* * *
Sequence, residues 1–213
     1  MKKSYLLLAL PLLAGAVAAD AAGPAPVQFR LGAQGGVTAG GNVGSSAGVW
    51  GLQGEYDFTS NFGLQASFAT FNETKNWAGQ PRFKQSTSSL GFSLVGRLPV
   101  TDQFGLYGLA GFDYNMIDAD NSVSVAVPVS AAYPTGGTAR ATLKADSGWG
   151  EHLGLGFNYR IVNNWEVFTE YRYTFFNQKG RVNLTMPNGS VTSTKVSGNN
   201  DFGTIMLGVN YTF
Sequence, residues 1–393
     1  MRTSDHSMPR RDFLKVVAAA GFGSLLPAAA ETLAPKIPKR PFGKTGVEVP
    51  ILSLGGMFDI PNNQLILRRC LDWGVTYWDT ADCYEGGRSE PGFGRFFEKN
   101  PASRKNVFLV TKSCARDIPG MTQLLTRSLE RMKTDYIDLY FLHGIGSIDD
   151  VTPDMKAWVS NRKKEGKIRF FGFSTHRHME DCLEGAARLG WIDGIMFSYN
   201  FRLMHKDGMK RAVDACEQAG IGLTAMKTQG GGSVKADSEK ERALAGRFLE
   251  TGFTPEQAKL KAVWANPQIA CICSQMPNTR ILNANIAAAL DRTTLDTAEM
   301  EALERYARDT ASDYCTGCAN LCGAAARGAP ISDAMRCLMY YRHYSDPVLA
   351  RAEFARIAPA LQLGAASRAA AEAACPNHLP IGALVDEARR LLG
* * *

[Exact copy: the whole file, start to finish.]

Sequence, residues 1–213
     1  MKKSYLLLAL PLLAGAVAAD AAGPAPVQFR LGAQGGVTAG GNVGSSAGVW
    51  GLQGEYDFTS NFGLQASFAT FNETKNWAGQ PRFKQSTSSL GFSLVGRLPV
   101  TDQFGLYGLA GFDYNMIDAD NSVSVAVPVS AAYPTGGTAR ATLKADSGWG
   151  EHLGLGFNYR IVNNWEVFTE YRYTFFNQKG RVNLTMPNGS VTSTKVSGNN
   201  DFGTIMLGVN YTF
Sequence, residues 1–393
     1  MRTSDHSMPR RDFLKVVAAA GFGSLLPAAA ETLAPKIPKR PFGKTGVEVP
    51  ILSLGGMFDI PNNQLILRRC LDWGVTYWDT ADCYEGGRSE PGFGRFFEKN
   101  PASRKNVFLV TKSCARDIPG MTQLLTRSLE RMKTDYIDLY FLHGIGSIDD
   151  VTPDMKAWVS NRKKEGKIRF FGFSTHRHME DCLEGAARLG WIDGIMFSYN
   201  FRLMHKDGMK RAVDACEQAG IGLTAMKTQG GGSVKADSEK ERALAGRFLE
   251  TGFTPEQAKL KAVWANPQIA CICSQMPNTR ILNANIAAAL DRTTLDTAEM
   301  EALERYARDT ASDYCTGCAN LCGAAARGAP ISDAMRCLMY YRHYSDPVLA
   351  RAEFARIAPA LQLGAASRAA AEAACPNHLP IGALVDEARR LLG